|... driving through the pass in the Autumn ...|
Because of the speed with which they grow, hops are fun to watch.
Picking the hops is a joy for they are the magic ingredient in brewing beer.
But getting rid of the vines – that is the kicker in the fall. I asked if they were going to the burn pile but he looked at me in environmental horror. “No, I am composting them,” he said.
“We having been composting. A bear knocked over our barrel again,” I said.
“I saw a deer, a large one at the cabins yesterday,” he said. "I stopped and yell, 'Go deer.' It looked right back at me and didn’t move. Do you think your bear might be a deer?”
And with that, I could see that I can get my composting going again. I don’t mind attracting deer. I just don’t want a bear strolling across my lower patio.
Bonnie and I walked in the fall leaves this morning. They are strewn across the road that goes past my house to the beach, so thick that no one would know a road is underneath. On the walk to the east we stopped to check out both of Wyona’s apple trees, since she told us that if we have any time, we could pick them for her and put them in her garage. Her apple tree to the west of the house is one that should be the prototype for The Garden of Eden story. Even Adam would have stolen an apple from that tree. But only about 10 of those apples are left and they are hanging on high branches. Her red delicious apple tree is laden with fruit, large, shiny, every apple too big to fit comfortably in one hand. Bonnie said that the fall crunch is in those apples now – fully ripened and still hanging on the tree, they have that delicious cracking sound that comes when the skin of the apple is broken with the first bite.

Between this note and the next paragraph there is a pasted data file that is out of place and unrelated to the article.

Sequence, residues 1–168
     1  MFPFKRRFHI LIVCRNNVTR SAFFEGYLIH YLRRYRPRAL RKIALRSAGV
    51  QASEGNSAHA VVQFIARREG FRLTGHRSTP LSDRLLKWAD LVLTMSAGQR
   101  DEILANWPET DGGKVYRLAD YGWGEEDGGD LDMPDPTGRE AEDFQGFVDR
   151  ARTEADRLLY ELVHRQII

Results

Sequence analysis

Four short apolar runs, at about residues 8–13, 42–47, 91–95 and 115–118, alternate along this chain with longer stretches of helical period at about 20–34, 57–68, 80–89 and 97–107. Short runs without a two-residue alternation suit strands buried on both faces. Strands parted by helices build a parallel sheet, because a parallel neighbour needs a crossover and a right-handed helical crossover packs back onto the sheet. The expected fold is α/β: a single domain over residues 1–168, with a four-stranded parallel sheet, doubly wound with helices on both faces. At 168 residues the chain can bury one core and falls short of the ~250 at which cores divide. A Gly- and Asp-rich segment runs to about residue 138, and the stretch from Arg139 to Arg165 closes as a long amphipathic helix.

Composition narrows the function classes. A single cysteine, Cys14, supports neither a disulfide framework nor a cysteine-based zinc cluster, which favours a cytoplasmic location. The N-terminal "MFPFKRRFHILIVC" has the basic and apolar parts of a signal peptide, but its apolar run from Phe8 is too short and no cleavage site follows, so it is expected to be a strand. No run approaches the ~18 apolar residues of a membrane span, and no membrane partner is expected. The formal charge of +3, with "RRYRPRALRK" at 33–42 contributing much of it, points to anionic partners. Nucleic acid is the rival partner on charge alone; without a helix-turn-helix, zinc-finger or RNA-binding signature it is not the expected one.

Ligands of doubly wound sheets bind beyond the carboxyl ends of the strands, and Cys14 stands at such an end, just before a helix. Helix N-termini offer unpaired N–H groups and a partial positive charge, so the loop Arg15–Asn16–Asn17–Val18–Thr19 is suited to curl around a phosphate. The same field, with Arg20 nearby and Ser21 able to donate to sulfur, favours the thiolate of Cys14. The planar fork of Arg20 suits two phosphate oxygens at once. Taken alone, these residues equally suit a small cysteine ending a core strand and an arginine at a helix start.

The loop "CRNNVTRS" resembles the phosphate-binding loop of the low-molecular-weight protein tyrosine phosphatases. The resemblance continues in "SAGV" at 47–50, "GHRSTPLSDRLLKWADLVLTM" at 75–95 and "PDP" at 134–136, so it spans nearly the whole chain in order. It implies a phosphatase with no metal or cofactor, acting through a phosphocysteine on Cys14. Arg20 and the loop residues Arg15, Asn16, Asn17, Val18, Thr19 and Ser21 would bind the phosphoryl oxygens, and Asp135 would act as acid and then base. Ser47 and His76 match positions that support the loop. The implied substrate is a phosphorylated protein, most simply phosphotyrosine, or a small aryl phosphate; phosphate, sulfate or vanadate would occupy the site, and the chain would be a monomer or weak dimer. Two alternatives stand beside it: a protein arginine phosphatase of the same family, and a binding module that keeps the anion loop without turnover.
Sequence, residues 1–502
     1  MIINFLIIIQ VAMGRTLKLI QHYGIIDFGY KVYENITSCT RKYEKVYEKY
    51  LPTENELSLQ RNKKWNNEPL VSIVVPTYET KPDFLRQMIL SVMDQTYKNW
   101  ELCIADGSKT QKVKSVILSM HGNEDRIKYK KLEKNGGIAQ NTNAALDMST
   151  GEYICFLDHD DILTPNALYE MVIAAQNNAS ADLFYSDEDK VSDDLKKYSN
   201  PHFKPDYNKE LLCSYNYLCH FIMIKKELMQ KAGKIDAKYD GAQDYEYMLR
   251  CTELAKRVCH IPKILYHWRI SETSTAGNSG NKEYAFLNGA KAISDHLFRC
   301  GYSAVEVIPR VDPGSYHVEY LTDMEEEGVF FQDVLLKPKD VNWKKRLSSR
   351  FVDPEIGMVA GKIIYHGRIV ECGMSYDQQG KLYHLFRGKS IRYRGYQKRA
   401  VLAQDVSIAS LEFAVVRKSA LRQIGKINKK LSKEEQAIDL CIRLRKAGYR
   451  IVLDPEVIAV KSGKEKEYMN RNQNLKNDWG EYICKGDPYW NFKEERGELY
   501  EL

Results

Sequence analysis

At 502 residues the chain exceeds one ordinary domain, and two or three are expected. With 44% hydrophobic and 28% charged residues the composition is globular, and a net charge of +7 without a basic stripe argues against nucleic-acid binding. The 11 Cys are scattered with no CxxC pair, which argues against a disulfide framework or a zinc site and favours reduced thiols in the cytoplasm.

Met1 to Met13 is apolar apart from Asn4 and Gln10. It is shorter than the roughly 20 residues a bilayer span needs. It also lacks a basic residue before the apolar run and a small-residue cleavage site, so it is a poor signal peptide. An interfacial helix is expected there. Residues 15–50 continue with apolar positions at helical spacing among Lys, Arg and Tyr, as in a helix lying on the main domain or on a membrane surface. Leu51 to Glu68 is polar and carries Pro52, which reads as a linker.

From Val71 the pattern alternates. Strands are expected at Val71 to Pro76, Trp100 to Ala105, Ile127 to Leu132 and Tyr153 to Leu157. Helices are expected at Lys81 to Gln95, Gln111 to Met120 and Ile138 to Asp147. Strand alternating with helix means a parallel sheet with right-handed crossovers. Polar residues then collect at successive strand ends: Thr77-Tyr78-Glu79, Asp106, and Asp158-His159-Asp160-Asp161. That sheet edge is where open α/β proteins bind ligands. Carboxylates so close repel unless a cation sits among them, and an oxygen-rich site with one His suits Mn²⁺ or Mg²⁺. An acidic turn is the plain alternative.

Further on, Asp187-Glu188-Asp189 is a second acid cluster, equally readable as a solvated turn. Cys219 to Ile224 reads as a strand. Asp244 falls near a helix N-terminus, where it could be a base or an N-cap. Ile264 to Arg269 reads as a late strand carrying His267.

|... close to the summit ...|
I think the CPR have marked some trees to be taken down, for there are splashes of black paint sprayed on the trunks of some of the birches that had now died. Bonnie went to look more closely at those dark marks. I hadn’t noticed them. But she has lived here longer, now alert to the quick movement of a squirrel off in the forest, or curious about the louder sound of the stream rushing under the road.
We can’t walk in the early mornings. I thought we could just go between here and the Pillings, but Bonnie Wyora showed me this morning that it is just too dark. No stars. No moon. Dark. So I turned my exercise into the daytime job of moving the rocks I have been collecting from one of the garden beds. I go deep with my pick axe and then try to separate out the rocks that can stay from those that have to go.
I would rather be walking, maybe even in the dark.